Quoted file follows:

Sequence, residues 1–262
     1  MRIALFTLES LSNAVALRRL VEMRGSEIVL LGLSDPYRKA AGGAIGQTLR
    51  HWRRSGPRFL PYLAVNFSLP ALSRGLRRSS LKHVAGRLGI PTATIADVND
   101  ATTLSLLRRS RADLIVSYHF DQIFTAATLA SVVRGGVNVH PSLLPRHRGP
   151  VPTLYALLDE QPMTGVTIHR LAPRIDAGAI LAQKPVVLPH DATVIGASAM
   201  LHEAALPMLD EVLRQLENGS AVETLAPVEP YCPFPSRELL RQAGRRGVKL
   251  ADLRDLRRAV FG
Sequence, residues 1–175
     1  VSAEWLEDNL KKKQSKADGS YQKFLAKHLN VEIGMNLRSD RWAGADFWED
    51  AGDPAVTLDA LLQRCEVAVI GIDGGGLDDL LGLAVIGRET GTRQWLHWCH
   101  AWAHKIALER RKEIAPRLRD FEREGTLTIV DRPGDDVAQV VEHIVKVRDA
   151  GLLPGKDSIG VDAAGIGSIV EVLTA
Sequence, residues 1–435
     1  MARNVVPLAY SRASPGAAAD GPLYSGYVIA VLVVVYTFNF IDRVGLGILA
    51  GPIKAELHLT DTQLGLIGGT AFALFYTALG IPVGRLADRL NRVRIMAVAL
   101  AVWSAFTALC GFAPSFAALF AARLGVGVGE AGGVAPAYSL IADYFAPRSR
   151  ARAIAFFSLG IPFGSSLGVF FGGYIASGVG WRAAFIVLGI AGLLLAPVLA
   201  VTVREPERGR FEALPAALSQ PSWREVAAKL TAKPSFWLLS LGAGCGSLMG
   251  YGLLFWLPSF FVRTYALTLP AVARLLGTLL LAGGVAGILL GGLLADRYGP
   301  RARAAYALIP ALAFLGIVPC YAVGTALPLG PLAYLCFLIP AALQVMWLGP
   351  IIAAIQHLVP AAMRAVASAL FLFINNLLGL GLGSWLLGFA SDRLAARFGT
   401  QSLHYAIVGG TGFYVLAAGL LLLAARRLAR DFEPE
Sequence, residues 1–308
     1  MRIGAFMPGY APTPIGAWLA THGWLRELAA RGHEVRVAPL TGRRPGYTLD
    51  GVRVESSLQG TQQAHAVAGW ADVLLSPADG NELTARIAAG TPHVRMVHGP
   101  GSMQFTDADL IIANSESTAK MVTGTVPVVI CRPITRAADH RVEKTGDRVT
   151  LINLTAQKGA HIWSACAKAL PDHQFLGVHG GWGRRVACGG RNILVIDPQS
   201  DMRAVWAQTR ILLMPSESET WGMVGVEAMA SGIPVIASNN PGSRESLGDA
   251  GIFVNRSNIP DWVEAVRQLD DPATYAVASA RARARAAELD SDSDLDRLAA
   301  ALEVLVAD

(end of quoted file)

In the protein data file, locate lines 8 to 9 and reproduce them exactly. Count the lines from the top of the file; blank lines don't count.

Sequence, residues 1–175
     1  VSAEWLEDNL KKKQSKADGS YQKFLAKHLN VEIGMNLRSD RWAGADFWED